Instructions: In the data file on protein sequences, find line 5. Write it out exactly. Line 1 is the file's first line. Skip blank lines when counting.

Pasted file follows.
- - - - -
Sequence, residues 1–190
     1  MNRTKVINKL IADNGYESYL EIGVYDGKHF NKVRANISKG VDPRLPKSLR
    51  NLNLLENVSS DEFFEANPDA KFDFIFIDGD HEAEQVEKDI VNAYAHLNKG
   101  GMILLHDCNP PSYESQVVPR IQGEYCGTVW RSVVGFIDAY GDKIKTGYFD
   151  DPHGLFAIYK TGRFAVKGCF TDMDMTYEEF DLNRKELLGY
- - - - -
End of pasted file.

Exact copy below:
   151  DPHGLFAIYK TGRFAVKGCF TDMDMTYEEF DLNRKELLGY